The downside to writing, as with many seated jobs, is the lack of movement. Having grown up a dancer, I was constantly moving. Getting into adult life wasn’t too bad – I walked a lot. But getting into family life, unless I was running after a toddler, I wasn’t doing much. Everything I read kept emphasizing the need to exercise to stay healthy, but exactly how was that going to be possible? Between a full-time job, cooking, and kids, exercise seemed elusive.
At first, the answer was easy: I had only one kid, and my work had conveniently relocated to near my home. There was a daycare on the same property. I don’t drive, and walking there was easier than taking the bus.
But by the time my youngest was a toddler and his brother had started school, I realized that, no matter what was going on in my life, I had to make room for exercise. My kids certainly weren’t going to offer me the time. My husband also worked opposing hours to mine, so I couldn’t ask him to mind the kids in the evening and on weekends while I worked out, either.
So my main piece of advice to you is just that: it’s up to you to push it into your schedule. But exactly how you do that is up to you. Below, I’ve collected some advice from other writer friends on how to exercise when kids are around.
Free and Easy
When all else fails, use your own house if you have to, but getting out to walk is the simplest, cheapest form of exercise. Montreal-based writer and translator Kathe Lieber used to get up at 6:00 AM to walk with two other women who had small kids. Rising that early meant her child hadn’t awoken yet, either.
Helen Lammers-Helps, an agriculture writer who lives in Waterloo Region in Ontario, loaded her kids into a stroller or wagon and walked all over the neighbourhood. “It’s a great way to get to know your neighbours and being outdoors is good for my mental health,” she says. And when her kids got older, they hiked on local trails or biked.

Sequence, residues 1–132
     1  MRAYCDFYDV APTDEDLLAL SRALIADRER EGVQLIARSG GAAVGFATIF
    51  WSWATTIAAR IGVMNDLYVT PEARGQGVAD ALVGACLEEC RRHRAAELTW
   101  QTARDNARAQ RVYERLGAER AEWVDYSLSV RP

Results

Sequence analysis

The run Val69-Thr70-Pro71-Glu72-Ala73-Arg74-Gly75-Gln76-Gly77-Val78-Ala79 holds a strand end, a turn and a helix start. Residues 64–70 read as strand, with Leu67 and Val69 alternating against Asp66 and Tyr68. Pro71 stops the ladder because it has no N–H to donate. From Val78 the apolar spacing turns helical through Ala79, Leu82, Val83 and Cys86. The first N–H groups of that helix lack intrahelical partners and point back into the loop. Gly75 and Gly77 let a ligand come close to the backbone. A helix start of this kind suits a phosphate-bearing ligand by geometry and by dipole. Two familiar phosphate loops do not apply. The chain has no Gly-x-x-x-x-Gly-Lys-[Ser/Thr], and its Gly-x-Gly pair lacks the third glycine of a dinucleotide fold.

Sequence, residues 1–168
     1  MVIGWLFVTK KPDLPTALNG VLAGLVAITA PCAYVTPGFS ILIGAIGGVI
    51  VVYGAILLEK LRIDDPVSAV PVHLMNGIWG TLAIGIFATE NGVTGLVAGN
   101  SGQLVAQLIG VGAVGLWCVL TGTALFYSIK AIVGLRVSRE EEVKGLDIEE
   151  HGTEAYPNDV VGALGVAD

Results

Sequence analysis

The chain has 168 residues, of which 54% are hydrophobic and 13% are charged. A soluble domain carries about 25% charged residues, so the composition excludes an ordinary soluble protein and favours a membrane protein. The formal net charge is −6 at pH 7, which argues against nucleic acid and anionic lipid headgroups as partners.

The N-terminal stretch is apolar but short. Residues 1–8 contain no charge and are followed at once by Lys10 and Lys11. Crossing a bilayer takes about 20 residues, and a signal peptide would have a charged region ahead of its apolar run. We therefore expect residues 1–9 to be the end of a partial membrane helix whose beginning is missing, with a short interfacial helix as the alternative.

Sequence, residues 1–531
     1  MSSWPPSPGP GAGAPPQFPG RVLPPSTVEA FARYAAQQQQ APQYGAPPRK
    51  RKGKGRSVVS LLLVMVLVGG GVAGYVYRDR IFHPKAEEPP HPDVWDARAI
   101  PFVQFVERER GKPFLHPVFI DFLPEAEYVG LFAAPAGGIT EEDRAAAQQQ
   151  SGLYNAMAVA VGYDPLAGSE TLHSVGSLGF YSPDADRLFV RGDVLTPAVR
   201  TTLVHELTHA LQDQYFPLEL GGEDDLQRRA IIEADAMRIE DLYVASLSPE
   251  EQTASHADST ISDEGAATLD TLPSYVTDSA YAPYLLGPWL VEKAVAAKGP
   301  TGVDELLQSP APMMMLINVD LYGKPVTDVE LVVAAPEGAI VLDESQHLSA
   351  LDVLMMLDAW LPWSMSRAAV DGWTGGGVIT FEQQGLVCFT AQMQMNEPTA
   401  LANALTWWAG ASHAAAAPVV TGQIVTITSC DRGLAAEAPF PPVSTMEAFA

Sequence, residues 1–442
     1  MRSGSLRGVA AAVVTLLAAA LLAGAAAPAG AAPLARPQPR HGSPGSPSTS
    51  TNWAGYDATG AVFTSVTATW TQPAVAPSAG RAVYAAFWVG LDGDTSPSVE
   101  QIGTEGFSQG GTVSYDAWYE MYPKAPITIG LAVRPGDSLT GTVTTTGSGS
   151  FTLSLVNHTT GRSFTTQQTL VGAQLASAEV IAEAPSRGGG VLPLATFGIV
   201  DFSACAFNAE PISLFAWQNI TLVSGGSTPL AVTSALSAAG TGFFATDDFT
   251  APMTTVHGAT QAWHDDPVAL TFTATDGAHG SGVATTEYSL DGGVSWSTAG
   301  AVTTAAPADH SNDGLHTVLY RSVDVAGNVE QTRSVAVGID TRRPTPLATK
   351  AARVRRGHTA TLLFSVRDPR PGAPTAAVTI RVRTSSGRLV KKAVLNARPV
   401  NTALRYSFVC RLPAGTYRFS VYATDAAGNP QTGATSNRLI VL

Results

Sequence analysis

Shake It Up
Lammers-Helps also found joining the local YMCA helpful: she made use of their babysitting while she did Aquafit classes or used their track. If her kids had hockey or swimming at the local rec centre, she walked around the centre’s track.
Lieber says that, if getting to a gym isn’t feasible, try finding a second-hand stationary bike or cross-trainer and store it in your basement or bedroom.
“My kid has left home, but I still find this the best way to shoe-horn exercise into a busy schedule. My stationary bike is by the window, with an interesting view, and there’s a TV and a radio in the room – so I’ve called my own bluff, basically. And my Kobo balances nicely between the handlebars. No excuse for not exercising.”
Virginia Heffernan, former field geologist turned writer, suggests having exercise equipment near your desk so you can squeeze in some movement. That can include a mat, a Theraband, free weights, or even a stationary bike as Lieber suggested.
Exercise and Television
Lisa Bendall, a feature writer and book author who lives Toronto, says that Just Dance on the Nintendo Wii system is her ticket to exercise: “Fun for the whole family and a great workout!”
Alison Palkhivala, a medical journalist in Montreal, plays boxing on her Xbox with her son. “But my son accuses me of cheating whenever I win,” she says.
When the Kids Are a Bit Older
Palkhivala says that once the kids turn 12, there are many family activities you can do together. In her family’s case, they started taking family martial arts classes.
“We’ve made martial arts a family affair and I joke we’re training to become the Incredibles,” she says.
The Most Important Thing to Remember
I’ve been a mom for almost a decade now, and I’ve learned that you have to change as your kids change. We did evening walks in the summer when the kids were easy to fit into a stroller. Now, they’d rather play with their Lego instead of go for a walk.
Be flexible, and change with your kids. Once I went on mat leave with my second child and my work moved back to its original building, I had lost my two 30-minute walks a day and had to find something else.
However, I also went through periods of doing nothing – it happens!
Now, with my split work day (part-time employee, part-time freelancer), I walk home from my employed job four days a week, a total of 20 km. I recently added a one-hour workout four days a week, and I had to ram it into my afternoon schedule. For the sessions during the week, that meant getting creative with supper and finding recipes that needed a long time in the oven, for example. If you’re adept with a slow cooker, this would help, too. I tried morning routines, but as of late, they just don’t work for me.
When it comes to getting yourself to move, know what motivates you the most, and get creative. After all, if you’re already creative in one area of your life (otherwise, why would you be writing?) then you can certainly be creative in other areas.
So, get a move on!